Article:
Table 1: Socio-demographic profile of patients with benign oral mucosal diseases.
As shown in Table 2, majority of patients reported betel
chewing and daily consumption of vegetables.
|Habit ||Number ||% |
|Betel chewing|| || |
|One year back||5||3.7|
|Daily consumption of vegetables|
|Daily consumption of fruits|
Table 2: Distribution of the patients by betel chewing practices and vegetable and fruit consumption habit.
As illustrated in Figure 2A & B, the majority of patients had moderate to poor oral hygiene status and moderate to servere periodontitis.
Table 3 demonstrates the association of sociodemographic characteristics, plaque levels and periodontal disease status by the frequency of betel chewing habits among patients. Accordingly, higher proportions of one year back and daily betel chewers had moderate to poor oral hygiene status (80.0% and 66.7% respectively) compared to never betel chewers (27.0%). Furthermore, same pattern was evident with periodontal disease burden with more daily betel chewers (45.5%) having moderate to severe periodontal disease compared to never betel chewers (13.2%) and those differences were statistical highly significant (p=0.0001).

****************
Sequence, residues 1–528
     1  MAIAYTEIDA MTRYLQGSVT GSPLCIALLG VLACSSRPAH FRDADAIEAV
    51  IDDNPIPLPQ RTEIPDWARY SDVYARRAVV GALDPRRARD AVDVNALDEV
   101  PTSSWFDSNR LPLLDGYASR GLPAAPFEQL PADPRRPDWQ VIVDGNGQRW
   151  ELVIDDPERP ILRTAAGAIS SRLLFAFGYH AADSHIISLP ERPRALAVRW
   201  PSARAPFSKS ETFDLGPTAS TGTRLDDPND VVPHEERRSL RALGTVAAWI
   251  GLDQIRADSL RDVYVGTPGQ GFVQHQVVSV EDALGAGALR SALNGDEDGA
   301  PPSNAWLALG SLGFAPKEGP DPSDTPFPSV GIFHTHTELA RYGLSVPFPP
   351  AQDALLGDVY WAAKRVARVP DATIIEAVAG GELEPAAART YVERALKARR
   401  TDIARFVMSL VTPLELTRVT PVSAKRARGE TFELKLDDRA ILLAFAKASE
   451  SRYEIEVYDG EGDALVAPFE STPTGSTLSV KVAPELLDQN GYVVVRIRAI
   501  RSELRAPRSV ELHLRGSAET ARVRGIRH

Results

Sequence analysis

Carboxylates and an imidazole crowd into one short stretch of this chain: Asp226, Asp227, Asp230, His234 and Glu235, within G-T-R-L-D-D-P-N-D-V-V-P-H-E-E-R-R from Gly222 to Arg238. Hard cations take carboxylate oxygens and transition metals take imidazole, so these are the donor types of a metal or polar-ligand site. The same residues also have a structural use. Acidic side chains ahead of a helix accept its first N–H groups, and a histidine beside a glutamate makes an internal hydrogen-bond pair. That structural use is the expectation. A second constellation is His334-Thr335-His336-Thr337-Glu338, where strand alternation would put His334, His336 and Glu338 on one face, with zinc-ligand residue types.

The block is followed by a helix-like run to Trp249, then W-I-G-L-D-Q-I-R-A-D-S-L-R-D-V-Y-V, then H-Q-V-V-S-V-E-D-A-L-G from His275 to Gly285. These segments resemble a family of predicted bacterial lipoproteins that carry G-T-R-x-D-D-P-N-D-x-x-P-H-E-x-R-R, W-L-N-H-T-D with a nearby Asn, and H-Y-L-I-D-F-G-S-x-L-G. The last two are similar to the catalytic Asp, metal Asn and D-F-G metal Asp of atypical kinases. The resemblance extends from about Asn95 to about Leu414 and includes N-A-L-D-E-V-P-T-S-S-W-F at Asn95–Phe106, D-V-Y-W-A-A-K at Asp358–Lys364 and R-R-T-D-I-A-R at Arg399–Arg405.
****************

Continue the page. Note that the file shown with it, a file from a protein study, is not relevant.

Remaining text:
|Attribute||Frequency of betel chewing habit|
| ||Never||One year back||Sometimes||Daily||p-value*|
| ||N %||N %||N %||N %|| |
|Age group|| || || || || |
|18-39 years||25 (62.5)||0(0.0)||6 (15.0)||9 (22.5)|| |
|40-59 years||37 (54.4)||4 (5.9)||9 (13.2)||18 (26.5)|| |
|60-85 years||12 (46.2)||1 (3.8)||4 (15.4)||9 (34.6)||0.680|
|Gender|| || || || || |
|Male||34 (41.5)||5 (6.1)||12 (14.6)||31(37.8)|| |
|Female||40 (76.9)||0 (0.0)||7 (13.5)||5 (9.6)||0.001|
|Educational Attainment|| || || || || |
|Up to G.C.E O/L||50 (50.5)||3 (3.0)||16 (16.2)||30 (30.3)|| |
|Above G.C.E. A/L||24 (68.6)||2 (5.7)||3 (8.6)||6 (17.1)||0.172|
|Oral Hygiene Status|| || || || || |
|Mild||51 (73.0)||1 (20.0)||7 (36.8)||12 (33.3)|| |
|Moderate to poor||23 (27.0)||4 (80.0)||12 (64.2)||24 (66.7)||0.001|